Dusty Rhodes, wrestling’s “American Dream,” dies at 69

Dusty Rhodes — the rotund, easy bleeding, easy talking professional wrestler who billed himself as “The American Dream” — died Thursday, the WWE said on its website.

Rhodes, whose real name was Virgil Runnels, was 69.

Rhodes rose to fame as a common man figure. He didn’t have the chiseled body some associate with today’s wrestlers. He was a good guy wrestler, often battling heels like Abdullah the Butcher, Blackjack Mulligan, Harley Race and The Four Horseman, who were led by Ric Flair.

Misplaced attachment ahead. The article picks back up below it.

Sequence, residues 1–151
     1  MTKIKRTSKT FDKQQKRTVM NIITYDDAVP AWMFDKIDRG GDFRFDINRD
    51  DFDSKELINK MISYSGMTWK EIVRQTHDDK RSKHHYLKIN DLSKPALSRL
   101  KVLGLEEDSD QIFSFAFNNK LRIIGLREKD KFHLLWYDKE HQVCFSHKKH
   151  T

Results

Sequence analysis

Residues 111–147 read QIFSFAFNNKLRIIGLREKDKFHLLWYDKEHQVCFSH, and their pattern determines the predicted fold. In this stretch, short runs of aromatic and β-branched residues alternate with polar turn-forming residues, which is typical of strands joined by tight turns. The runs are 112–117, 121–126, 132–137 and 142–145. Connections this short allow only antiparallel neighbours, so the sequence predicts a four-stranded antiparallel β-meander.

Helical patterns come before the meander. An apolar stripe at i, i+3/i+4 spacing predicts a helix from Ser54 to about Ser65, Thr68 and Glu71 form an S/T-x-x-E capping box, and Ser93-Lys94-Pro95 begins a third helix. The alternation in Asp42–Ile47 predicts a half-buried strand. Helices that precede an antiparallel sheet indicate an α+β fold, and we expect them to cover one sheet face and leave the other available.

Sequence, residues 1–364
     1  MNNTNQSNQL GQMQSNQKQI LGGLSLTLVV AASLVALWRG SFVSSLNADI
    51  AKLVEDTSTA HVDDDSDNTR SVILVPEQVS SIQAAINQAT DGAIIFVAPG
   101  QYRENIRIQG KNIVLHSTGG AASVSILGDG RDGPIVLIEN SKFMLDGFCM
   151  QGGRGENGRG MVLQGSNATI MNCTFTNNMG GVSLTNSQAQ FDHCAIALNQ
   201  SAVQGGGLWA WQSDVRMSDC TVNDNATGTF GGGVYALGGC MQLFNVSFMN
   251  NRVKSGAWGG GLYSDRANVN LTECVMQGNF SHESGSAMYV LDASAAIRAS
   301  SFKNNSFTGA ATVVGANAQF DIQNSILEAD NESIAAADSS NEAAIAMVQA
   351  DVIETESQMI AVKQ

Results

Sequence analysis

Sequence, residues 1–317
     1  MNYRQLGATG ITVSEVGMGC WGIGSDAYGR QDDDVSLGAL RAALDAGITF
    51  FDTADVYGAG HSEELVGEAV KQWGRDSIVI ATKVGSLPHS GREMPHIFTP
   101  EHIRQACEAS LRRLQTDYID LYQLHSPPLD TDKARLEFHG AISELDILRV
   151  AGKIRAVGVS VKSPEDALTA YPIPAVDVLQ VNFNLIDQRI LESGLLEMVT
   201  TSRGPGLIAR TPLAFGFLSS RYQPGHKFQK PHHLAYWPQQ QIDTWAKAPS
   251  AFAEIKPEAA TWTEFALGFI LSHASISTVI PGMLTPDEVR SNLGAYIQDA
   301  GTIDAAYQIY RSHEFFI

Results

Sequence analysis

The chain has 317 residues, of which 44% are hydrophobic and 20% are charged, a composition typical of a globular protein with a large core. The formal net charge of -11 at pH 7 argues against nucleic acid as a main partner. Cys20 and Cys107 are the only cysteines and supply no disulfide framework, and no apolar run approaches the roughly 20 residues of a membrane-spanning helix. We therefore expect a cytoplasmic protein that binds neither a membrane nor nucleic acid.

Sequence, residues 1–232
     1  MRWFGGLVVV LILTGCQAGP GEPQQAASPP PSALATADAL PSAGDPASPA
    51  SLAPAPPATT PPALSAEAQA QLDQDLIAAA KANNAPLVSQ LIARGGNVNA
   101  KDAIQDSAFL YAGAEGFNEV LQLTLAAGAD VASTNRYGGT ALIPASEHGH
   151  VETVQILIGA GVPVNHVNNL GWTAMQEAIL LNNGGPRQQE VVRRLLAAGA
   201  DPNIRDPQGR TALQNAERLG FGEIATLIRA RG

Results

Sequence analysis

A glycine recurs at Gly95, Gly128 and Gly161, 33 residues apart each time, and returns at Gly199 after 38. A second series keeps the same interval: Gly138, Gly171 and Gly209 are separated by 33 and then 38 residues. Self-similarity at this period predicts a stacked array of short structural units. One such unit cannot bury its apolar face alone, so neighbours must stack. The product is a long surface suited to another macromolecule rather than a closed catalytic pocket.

“My mentor @WWEDustyRhodes. Much love to your family and more respect than can ever be measured. Love you Dream,” Flair tweeted.

Rhodes liked to pitch himself as the son of a plumber from Austin, Texas, and an everyman who became the extremely popular champion of the National Wrestling Alliance three times in the 1970s.

He moved on to the World Wrestling Federation (now the WWE), and also wrestled on several other circuits before coming back to the WWE in the mid-2000s.

He will be remembered for the spirited and often hilarious in-studio interviews he would give to wrestling commentators. He is also remembered by longtime wrestling fans for the many scars on his forehead, from which he bled profusely during the early days of his career.

Rhodes was inducted into the WWE Hall of Fame in 2007. He has two sons who wrestle professionally as Goldust (Dustin Runnels) and Stardust (Cody Runnels).